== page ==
1. Abandon the ‘belle of the ball’ mentality.
Yeah, act like you're in trouble and covering your ass. Good way to gain consumer support. People don't buy what looks like a sinking ship.

2. Forget the bottom line.
That much I'll agree with. They have to realize they're going to have to loose some cash and invest in some REAL advertising. Movie theatres, TV, print, and everything else at once.

3. Know your market and stick to it.
So he's basically saying Nintendo is for kids,a nd they should never aspire to be anything more?...
If you admit you're a kid's company, then you're going to be stuck to a few rules. 1. The parental groups will then have reason to attack you for any "non family friendly" thing you do, and you'll have no way to fight because, you said it yourself "Nintendo is a kid's company". Ever heard of the rageing granny's? They're just itching for this announcement. Nintendo needs to branch out, not shrink they're market even more.

Oh, and perfect Dark wasn't even on Gamecube.....neither was Conker (thanks Peanut)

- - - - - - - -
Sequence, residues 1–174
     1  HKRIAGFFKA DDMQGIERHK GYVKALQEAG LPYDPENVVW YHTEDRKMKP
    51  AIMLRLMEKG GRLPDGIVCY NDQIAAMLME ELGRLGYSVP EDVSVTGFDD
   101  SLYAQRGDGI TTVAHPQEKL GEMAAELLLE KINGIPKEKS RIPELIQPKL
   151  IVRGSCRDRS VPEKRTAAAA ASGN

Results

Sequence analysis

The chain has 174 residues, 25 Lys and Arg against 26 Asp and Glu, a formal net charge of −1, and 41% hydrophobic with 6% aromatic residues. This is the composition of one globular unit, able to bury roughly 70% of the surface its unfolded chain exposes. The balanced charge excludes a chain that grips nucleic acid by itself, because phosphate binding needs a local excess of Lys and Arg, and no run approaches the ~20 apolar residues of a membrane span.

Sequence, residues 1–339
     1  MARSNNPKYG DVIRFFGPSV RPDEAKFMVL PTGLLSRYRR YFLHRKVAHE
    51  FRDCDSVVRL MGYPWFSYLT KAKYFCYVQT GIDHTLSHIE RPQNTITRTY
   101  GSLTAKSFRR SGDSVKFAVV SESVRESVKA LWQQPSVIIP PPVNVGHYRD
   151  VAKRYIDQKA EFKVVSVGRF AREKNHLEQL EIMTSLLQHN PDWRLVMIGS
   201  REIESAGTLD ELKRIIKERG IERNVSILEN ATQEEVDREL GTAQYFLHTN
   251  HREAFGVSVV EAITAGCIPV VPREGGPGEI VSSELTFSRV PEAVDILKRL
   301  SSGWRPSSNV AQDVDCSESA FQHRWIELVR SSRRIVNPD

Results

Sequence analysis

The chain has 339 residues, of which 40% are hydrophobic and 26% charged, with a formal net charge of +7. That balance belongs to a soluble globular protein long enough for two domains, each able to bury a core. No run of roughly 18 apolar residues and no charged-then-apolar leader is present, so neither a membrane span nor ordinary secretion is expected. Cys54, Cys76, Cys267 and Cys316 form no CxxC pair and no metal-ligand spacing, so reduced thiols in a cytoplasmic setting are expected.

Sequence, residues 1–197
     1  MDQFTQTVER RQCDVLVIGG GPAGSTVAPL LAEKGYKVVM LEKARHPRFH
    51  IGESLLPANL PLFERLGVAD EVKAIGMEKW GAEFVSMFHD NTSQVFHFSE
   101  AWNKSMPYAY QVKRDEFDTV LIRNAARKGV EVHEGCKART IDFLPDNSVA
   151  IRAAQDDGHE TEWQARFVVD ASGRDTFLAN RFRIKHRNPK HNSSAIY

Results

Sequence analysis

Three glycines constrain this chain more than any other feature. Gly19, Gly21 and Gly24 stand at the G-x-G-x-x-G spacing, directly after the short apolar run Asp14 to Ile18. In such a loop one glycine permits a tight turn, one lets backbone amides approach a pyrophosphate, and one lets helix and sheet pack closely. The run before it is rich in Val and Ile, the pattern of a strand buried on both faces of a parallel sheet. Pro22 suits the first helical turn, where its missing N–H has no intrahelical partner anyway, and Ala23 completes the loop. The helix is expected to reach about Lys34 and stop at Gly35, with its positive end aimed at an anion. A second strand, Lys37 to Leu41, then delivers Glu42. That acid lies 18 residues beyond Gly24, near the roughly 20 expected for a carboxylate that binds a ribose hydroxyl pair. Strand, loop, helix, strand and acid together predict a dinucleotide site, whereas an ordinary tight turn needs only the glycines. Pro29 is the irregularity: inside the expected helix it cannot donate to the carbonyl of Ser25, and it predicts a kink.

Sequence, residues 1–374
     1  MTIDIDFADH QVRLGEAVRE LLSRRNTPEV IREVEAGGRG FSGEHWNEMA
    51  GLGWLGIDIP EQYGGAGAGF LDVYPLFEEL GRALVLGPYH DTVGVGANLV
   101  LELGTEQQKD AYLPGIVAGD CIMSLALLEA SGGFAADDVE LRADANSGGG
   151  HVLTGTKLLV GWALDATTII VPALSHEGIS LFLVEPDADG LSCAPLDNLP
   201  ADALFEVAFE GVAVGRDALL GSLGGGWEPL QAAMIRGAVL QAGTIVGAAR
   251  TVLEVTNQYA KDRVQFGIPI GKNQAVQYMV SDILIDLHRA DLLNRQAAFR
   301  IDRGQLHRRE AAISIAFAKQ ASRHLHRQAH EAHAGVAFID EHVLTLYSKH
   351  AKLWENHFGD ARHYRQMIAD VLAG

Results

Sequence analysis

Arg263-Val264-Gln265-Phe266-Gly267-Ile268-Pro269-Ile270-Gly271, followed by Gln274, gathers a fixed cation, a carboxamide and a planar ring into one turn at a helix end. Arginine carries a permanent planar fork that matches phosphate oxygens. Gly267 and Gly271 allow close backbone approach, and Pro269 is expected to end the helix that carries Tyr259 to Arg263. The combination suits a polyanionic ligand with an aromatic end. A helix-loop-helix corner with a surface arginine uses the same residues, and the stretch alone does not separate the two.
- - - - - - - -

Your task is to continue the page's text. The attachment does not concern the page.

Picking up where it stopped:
4. Americanize, Americanize, Americanize
Oh yes, turn yourself into your competition. Real way to define yourself. Nintendo needs to expand soe in the US, but not at the cost of what they are. They're a Japanese company. They just need to establish some better third party ties to take care of the generic stuff Americans tend to buy. They're working on that.

5. Keep doing what you do right

Sooo, he just balled them out for everything they've been doing, and now tells them to keep on doing it? The man's a walking contradiction.

6. Stop with the mid-course corrections and hold to the basics

They are. Gamecube has been slowly on the rise lately, and this year they're going to smear everything. They're finally getting off they're ass and giving their fans what they want. They making console exclusive FPS's for the American market, they're FINALLY giving us the Zelda we really wanted, and Mario 128 ACTUALLY exists and is coming. They're slowly changing to accomidate the demands of what the fans want, while gradually bringing in the innovation to go along with it (DS).